Thank you St Albans Breast Care Clinic!  You were all stars.

So today I am glad to have been reminded of what turned out to be a surprisingly happy time.  Once the initial anxieties were assuaged and the treatment embarked upon I - we, the entire family - had a lot of fun. Staff were friendly and jokey, with an enviable lightness of touch alongside always commendable levels of compassion (what WAS that guff about nurses needing compassion training on Newsnight last night?  NHS managers need six months as nursing auxiliaries on the wards before they can embark on training or are put in post, not the nurses!  Pah!  A bed-pan-emptying Health Minister, as was even suggested might happen by the very man himself, that I DO want to see.  I'd pay good money for a ticket to that).

I gave a bit back, and today I found out what it was all about.  I was also part of a trial of new surgical and diagnostic techniques, all to do with testing the efficacy of sentinel node biopsies, as well, whilst I was having the surgery.  I was happy to volunteer for that as well.

Happy, happy, HAPPY to do so.
  • Swelling in or around the breast.
  • Irritation of the skin or dimpling.
  • Pain in the breast or nipple area.
  • Changes in the appearance of the nipple or surrounding skin.
  • Discharge from the nipple, not associated with breast milk.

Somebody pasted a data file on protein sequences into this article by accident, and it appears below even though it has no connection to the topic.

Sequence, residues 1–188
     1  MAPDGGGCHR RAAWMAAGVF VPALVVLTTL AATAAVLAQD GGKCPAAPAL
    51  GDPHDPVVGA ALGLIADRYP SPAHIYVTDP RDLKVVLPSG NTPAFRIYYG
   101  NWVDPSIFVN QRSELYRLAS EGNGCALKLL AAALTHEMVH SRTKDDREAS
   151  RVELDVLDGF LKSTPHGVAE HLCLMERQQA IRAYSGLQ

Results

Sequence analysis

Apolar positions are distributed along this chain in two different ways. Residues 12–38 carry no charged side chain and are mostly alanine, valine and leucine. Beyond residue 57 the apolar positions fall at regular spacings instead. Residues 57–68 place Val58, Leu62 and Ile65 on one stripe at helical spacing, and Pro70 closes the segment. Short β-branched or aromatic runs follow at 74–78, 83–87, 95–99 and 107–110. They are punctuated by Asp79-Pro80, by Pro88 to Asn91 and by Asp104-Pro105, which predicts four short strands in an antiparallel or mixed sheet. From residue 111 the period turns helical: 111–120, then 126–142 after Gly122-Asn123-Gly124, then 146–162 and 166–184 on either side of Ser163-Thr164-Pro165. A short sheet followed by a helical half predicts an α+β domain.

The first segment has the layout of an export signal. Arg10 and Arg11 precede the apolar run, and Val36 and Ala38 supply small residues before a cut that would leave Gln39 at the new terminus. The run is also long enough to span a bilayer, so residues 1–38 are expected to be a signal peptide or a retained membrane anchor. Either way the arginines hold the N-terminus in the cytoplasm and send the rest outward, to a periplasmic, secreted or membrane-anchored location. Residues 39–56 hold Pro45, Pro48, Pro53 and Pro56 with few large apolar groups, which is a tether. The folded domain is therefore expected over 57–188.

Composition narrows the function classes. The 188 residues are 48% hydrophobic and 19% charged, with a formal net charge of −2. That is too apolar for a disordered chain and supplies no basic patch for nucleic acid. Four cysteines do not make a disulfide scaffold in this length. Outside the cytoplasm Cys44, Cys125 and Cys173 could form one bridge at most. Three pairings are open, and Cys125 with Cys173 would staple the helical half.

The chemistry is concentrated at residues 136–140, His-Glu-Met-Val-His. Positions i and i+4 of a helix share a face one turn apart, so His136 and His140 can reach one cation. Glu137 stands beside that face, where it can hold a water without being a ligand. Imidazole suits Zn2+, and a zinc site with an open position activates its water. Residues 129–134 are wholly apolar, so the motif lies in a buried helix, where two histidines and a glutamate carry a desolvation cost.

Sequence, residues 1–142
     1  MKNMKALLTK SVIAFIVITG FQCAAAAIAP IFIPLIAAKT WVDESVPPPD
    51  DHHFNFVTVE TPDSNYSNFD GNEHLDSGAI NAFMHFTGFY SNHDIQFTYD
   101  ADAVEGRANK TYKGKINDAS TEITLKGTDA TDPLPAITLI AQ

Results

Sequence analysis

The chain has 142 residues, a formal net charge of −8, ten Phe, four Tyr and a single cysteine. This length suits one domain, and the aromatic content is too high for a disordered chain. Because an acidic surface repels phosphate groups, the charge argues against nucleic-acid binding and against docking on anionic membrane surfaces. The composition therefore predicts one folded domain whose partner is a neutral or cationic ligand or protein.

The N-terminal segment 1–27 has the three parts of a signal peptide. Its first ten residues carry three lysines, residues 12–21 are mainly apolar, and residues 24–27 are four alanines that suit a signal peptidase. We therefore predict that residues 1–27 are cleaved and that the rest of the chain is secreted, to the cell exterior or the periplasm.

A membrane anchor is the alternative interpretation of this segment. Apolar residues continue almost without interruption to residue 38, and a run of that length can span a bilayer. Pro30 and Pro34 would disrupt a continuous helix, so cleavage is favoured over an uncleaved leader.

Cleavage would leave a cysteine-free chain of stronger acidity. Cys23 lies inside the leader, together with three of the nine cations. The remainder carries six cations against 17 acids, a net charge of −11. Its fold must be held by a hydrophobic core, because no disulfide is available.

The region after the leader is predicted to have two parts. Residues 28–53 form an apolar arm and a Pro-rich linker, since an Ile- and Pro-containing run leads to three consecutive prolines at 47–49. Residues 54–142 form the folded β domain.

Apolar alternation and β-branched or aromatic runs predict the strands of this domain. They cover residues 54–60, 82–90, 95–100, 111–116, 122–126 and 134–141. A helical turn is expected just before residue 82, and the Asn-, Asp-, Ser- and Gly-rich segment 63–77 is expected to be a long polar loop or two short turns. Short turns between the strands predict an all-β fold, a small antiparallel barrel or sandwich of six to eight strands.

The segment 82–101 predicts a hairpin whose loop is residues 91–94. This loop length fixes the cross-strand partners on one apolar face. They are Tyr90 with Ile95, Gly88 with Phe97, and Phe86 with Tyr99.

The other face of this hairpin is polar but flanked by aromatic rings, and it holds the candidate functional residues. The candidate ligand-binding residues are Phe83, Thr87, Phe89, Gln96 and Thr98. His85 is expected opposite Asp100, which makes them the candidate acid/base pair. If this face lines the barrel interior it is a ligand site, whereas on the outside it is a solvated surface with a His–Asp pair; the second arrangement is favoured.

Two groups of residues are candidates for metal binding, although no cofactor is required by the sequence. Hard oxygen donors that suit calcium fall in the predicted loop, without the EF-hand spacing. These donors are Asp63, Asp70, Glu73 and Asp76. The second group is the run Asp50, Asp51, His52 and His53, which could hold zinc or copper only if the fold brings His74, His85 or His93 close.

• Lump in the underarm area.

PS, now Sky has got hold of it, like Topsy it has growed; the sample was 250,000, they say  But I was still part of it.  I did my bit....


  1. Oh wow, I saw that report and exciting it is too, but didn't realise your connection with it. It's very worthwhile to be able to turn a bad experience into something more positive by taking part in trials like this, so well done for agreeing to be in not just one but two.

    I did the same when I had radiotherapy after my first breast cancer (the START trial if you're interested) and was followed up every couple of years for 10 years until the trial ended. Like you too I had superb treatment both times from wonderful teams at two different hospitals, so I'm with you in your praise of the NHS.

    Here's to many more cancer-free years for both of us.

    1. Amen, Vicarage! BTW you have got to put a DVD of Rev on your Amazon Wish List, and while you are about it think of adding The Best of The Muppets, if such a one exists. It'd be such a shame for you and DH to miss - in perpetuity, Perpetua - such magnificently funny, clever and skilful telly because you didn't have a set about your person at the time it was on.